Avoid These Phrases That Will Make You Seem Immature at Work

You can be a hard-working worker who is the highest educated in your class. You can be an asset to any organization that hires you. Despite this, sometimes you can still appear immature or unprofessional at work. Because in the workplace (as in life) we are judged not only by the actions we can perform effectively, but also by the way we speak and present ourselves.

Our choice of words matters, and even if you don’t say anything overtly offensive, small gaffes can leave a lasting impression. If you don’t want to appear inexperienced or unprofessional in the office, here are a few words and phrases to avoid.

Words are options. While we all rely on “like,” “you know,” and “um” from time to time, overuse of parameter words can make us slurred at best and incompetent at worst. (Honestly, we all could use some help with this. The average speaker uses five parasite words a minute. Here’s how to kick the habit .)

Business jargon . Some business jargons such as “synergy”, “low hanging fruit” and “core competency” may be unavoidable in certain corporate environments. But overuse of corporate jargon can backfire, making it look like you’re trying to cover up your lack of knowledge with fancy words. (Put 110% if needed , but please stop “unbuttoning your kimono”. This is weird.)

Like/kind of/I think/simply : We use this type of “defensive word”, in the words of speech coach and author John Bowe , ” to sound reasonable, approachable, or the opposite of overbearing .” But they are not only distracting, but also speak of a lack of clarity and self-confidence.

Note : You may be trying to break the ice, build rapport, or express sympathy, but off-topic or sarcastic remarks can do more harm than good. Joking about your mother-in-law, yesterday’s bar, or apologizing for being sloppy by blaming your travel schedule or binge-watching the Ozarks isn’t a good idea. Save the stand-up for an open mic night.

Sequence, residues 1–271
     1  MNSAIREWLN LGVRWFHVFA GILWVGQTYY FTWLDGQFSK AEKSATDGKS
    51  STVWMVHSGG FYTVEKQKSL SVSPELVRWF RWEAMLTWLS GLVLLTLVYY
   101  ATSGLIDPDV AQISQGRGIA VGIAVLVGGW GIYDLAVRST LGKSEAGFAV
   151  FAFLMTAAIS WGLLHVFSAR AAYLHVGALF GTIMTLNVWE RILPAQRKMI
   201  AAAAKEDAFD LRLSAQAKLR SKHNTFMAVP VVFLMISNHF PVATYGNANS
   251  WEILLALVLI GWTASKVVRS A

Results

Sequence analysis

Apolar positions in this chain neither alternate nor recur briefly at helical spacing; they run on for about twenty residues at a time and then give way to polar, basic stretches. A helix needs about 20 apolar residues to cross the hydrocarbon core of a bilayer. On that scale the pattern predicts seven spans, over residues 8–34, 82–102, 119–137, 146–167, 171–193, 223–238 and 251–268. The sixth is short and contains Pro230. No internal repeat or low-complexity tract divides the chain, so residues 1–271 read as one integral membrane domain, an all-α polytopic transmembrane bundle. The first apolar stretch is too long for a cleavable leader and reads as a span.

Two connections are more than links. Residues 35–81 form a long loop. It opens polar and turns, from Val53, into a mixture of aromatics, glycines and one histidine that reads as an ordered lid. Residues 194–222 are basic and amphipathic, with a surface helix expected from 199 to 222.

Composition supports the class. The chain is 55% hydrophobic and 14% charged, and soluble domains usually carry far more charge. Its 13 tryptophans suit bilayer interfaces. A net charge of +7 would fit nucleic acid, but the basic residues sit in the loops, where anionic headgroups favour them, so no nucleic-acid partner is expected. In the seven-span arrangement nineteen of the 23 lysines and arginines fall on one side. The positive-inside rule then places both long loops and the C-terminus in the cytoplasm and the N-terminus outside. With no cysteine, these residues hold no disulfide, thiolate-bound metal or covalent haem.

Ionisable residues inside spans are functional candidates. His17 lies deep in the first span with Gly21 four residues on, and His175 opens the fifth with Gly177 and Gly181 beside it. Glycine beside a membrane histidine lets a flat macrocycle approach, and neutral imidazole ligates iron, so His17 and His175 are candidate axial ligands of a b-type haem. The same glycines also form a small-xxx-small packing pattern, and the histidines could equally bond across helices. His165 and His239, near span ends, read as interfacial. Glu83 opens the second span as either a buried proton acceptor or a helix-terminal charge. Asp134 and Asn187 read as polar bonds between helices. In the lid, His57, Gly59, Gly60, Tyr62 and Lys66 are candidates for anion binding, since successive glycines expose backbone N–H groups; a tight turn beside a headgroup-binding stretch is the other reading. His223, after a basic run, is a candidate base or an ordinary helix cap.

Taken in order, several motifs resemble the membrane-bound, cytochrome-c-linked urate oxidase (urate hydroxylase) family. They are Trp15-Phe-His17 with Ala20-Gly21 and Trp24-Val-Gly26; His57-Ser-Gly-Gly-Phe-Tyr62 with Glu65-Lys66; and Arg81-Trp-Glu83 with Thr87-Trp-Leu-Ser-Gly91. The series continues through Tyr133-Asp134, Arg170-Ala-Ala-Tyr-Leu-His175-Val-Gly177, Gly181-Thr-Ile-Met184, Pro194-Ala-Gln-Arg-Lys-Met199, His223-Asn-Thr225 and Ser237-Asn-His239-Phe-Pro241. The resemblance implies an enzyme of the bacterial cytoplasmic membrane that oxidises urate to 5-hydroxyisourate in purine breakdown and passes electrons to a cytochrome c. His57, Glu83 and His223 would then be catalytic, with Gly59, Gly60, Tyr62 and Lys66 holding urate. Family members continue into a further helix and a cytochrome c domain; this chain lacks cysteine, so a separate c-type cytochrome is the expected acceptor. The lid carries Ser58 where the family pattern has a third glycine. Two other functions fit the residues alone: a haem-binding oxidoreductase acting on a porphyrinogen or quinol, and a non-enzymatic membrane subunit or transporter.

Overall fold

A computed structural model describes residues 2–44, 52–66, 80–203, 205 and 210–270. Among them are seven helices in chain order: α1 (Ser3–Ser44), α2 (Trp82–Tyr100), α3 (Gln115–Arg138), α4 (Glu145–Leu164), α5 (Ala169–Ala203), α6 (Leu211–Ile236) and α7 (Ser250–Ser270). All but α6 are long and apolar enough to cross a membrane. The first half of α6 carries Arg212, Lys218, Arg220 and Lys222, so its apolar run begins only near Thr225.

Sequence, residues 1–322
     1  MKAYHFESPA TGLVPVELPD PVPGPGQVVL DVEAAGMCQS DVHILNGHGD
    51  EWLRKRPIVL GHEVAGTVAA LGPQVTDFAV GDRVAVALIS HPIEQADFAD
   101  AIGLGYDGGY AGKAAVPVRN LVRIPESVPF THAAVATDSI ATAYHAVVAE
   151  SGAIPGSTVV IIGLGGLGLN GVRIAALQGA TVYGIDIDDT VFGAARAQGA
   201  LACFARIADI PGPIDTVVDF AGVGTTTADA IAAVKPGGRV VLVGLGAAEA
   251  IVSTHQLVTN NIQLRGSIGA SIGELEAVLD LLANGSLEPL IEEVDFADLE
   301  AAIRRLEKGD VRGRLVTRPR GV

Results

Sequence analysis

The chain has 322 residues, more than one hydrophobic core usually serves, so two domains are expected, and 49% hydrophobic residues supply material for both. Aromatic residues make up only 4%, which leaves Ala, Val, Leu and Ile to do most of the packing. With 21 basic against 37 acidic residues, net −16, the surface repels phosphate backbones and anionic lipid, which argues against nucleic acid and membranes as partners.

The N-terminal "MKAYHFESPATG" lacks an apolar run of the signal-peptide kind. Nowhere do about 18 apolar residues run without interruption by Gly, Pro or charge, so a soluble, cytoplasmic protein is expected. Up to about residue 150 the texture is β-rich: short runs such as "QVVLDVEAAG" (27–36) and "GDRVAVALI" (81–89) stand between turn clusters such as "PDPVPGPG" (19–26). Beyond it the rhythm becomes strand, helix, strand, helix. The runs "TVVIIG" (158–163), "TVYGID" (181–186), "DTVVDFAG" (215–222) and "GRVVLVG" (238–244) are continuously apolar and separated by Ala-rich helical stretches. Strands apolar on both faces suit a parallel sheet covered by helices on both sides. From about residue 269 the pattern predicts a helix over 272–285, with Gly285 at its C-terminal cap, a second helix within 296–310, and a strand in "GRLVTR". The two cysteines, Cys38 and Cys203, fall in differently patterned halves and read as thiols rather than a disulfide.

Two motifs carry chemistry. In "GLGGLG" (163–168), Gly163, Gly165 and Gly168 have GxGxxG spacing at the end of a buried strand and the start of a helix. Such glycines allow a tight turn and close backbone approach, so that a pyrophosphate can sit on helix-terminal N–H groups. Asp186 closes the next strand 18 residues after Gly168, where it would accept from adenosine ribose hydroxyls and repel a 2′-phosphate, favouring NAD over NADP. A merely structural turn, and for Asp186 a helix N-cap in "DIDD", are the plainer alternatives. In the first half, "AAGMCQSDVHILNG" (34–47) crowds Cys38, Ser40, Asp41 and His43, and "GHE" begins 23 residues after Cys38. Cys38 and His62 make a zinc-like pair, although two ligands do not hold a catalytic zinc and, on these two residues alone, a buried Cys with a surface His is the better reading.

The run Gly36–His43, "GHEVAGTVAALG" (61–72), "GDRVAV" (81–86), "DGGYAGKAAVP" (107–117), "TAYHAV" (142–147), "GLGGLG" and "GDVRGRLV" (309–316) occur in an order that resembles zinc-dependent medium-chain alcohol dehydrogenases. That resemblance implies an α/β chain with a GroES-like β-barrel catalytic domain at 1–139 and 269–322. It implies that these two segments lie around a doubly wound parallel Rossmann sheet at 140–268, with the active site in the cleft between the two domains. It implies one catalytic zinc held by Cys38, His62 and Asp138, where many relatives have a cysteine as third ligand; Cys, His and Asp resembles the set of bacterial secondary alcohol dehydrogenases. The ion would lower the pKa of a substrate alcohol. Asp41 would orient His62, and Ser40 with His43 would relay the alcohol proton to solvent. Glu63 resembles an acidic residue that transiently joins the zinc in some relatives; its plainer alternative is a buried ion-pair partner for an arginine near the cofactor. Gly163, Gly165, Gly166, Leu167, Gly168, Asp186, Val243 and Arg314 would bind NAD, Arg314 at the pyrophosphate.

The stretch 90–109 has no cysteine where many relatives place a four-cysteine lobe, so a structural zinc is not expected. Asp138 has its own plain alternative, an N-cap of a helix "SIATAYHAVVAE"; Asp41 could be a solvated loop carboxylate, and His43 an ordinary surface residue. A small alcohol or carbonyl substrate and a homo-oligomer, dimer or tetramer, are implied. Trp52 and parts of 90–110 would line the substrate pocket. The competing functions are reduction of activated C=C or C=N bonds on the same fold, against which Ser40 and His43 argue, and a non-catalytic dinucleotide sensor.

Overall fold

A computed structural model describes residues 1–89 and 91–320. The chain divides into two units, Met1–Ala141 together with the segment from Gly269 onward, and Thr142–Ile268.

Whatever : Is There a More Immature Word Than Anything , the Basis of the American High Schooler’s Malaise Lexicon? Look using this casual form of semi-compliance, along with its teenage-sounding counterparts: literally, totally, and casually .

Don’t worry/no problem : while admittedly not a major offense, make sure to use these two phrases instead of “please” at all times. They can sound too casual and imply that the person who just said thank you was worried or that what they asked for was on the verge of problems.

“Dude”, “Bro” or “Man” : While some work environments are more laid-back than others, adding “Dude”, “Bro” or “Man” when speaking lowers the appreciation of what you’re saying and makes you less perceived. jokes aside.

Referring to women as “girls” : If the person or group of people you are referring to is over 18, use the word “woman/women” rather than “girl(s)”.

Appeal to all “you guys” . As much as it is common to refer to a group of men and women as “you guys”, the term ” lads ” means men . Now, more than ever, as we shift our language of gender identity to be more inclusive, referring to mixed groups as “you guys” sounds outdated. (Consider options: Everyone, Everyone, Team, Friends, People .)

This is what it is : What exactly ? This would be useful to know, because this statement means nothing.

Profanity: This is a one-way ticket to your employer’s figurative timeout corner.

It sucks : it is.

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